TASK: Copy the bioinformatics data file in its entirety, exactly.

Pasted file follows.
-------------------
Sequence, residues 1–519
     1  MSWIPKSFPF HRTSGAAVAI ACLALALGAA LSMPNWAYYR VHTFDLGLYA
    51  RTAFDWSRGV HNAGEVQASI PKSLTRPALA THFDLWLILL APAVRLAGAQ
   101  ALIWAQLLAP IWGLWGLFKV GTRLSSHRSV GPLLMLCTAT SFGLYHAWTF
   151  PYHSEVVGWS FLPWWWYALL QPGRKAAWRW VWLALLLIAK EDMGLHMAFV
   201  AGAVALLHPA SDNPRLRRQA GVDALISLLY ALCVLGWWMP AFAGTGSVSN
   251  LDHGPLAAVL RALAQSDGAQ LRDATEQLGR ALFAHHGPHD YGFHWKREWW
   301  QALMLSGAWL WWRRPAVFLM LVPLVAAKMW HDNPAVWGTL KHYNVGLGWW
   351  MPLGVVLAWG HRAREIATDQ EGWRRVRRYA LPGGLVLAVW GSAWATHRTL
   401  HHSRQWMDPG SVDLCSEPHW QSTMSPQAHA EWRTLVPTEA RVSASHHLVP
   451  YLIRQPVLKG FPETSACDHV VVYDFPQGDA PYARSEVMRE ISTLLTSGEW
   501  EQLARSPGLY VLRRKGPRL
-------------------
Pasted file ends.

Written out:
Sequence, residues 1–519
     1  MSWIPKSFPF HRTSGAAVAI ACLALALGAA LSMPNWAYYR VHTFDLGLYA
    51  RTAFDWSRGV HNAGEVQASI PKSLTRPALA THFDLWLILL APAVRLAGAQ
   101  ALIWAQLLAP IWGLWGLFKV GTRLSSHRSV GPLLMLCTAT SFGLYHAWTF
   151  PYHSEVVGWS FLPWWWYALL QPGRKAAWRW VWLALLLIAK EDMGLHMAFV
   201  AGAVALLHPA SDNPRLRRQA GVDALISLLY ALCVLGWWMP AFAGTGSVSN
   251  LDHGPLAAVL RALAQSDGAQ LRDATEQLGR ALFAHHGPHD YGFHWKREWW
   301  QALMLSGAWL WWRRPAVFLM LVPLVAAKMW HDNPAVWGTL KHYNVGLGWW
   351  MPLGVVLAWG HRAREIATDQ EGWRRVRRYA LPGGLVLAVW GSAWATHRTL
   401  HHSRQWMDPG SVDLCSEPHW QSTMSPQAHA EWRTLVPTEA RVSASHHLVP
   451  YLIRQPVLKG FPETSACDHV VVYDFPQGDA PYARSEVMRE ISTLLTSGEW
   501  EQLARSPGLY VLRRKGPRL